Russia says U.S. shuttle delays create a burden

MOSCOW (Reuters) - A senior Russian space official said delays in U.S. shuttle launches to the International Space Station (ISS) meant extra work for Russian rocket crews without any financial compensation, RIA news agency reported.

Russia and the United States are the main contributors to the 16-nation $100 billion ISS project, but Russia has borne the brunt of sending crews and cargo there since the U.S. Space Shuttle Columbia disintegrated in 2003, killing seven astronauts.

“We are most concerned by the unpredictability of shuttle launches,” RIA quoted Russian mission control flight coordinator Valdimir Solovyov as saying.

The Endeavour shuttle blasted off earlier this month after repeated delays. U.S. space agency NASA said it would hold off launching any more space shuttles until it better understands a problem with the craft’s insulation.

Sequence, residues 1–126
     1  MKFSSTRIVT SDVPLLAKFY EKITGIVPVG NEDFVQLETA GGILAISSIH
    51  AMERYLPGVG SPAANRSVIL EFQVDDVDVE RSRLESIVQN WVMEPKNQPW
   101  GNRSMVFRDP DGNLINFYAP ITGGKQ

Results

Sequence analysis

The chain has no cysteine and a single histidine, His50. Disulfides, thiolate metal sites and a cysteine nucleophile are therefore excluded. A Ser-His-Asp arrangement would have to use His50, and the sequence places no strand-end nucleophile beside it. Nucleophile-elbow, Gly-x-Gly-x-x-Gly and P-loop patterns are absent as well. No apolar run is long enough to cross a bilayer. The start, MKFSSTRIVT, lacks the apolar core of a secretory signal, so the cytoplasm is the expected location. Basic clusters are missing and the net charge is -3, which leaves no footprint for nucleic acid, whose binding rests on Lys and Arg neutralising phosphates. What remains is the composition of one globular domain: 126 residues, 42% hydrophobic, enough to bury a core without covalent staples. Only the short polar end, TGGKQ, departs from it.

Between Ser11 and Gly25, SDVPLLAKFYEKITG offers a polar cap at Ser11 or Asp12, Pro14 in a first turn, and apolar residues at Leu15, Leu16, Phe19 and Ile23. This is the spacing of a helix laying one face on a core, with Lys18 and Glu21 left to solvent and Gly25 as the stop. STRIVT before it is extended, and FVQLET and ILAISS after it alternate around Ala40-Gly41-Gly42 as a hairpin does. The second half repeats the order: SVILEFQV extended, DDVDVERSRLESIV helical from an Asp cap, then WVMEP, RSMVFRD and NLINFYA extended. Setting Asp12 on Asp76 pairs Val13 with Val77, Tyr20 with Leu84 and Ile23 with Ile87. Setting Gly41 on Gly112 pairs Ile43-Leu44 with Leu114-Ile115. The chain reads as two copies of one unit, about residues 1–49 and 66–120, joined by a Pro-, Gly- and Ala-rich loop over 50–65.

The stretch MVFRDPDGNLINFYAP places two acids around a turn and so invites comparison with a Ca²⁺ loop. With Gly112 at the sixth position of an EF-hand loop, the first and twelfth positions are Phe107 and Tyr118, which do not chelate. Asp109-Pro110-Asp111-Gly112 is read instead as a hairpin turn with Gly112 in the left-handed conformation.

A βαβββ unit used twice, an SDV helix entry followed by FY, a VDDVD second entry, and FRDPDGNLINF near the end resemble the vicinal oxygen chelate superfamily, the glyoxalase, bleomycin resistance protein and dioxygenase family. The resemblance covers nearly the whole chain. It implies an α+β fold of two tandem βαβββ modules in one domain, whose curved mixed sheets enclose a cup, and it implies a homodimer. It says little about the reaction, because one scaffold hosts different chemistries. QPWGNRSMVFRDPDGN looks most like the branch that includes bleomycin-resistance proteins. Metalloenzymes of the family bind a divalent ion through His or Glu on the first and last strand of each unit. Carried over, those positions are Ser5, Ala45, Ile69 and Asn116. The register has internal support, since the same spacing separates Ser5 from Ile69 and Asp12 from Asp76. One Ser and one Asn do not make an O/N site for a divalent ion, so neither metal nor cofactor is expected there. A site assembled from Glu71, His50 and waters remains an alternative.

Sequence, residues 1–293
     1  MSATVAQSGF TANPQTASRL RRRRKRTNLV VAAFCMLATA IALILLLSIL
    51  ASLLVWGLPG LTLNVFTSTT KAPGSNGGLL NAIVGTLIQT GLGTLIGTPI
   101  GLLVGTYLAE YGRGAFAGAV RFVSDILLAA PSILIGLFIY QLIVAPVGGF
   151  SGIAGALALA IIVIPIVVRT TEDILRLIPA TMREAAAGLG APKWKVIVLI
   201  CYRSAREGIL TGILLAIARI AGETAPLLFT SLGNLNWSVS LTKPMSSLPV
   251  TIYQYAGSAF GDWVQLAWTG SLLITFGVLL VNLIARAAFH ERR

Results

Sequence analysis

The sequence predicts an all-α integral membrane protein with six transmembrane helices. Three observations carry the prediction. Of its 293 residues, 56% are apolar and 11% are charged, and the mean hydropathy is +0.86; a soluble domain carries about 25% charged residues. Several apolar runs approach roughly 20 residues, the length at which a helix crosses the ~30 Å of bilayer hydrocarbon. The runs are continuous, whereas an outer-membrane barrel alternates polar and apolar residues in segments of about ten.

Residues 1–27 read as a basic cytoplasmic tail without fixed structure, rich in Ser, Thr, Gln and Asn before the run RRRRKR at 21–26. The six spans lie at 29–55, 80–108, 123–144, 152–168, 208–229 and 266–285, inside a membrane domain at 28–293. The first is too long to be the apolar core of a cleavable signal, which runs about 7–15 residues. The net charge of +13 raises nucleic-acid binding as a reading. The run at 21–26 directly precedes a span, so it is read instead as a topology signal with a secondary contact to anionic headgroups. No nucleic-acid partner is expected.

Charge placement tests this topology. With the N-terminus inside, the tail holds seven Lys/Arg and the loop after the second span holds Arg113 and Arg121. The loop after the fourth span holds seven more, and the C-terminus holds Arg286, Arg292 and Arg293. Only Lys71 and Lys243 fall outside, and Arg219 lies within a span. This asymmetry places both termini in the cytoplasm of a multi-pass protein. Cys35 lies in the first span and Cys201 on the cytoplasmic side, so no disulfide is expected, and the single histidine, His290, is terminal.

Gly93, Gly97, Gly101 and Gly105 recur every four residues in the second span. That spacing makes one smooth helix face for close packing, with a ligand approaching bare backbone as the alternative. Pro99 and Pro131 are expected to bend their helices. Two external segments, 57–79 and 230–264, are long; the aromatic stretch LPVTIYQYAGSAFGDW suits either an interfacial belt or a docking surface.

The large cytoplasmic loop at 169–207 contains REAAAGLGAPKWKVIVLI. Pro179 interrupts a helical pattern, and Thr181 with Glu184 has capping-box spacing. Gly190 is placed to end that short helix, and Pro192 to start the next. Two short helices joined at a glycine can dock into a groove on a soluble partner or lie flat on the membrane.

Solovyov said the uncertainty about the U.S. launch dates meant Russian rocket staff have had to re-calculate ballistic parameters of flights by the Progress spacecraft, an automated Russian cargo vehicles used for the ISS.

“This is a big strain on the staff which is not financially compensated,” he said.

Delays in shuttle launches are often caused by concerns over foam insulation shedding from the fuel tank, which caused the 2003 accident.

NASA plans seven more shuttle launches to complete construction of the International Space Station. Its next flight is due to launch on August 18.

Writing by Oleg Shchedrov; Editing by Ingrid Melander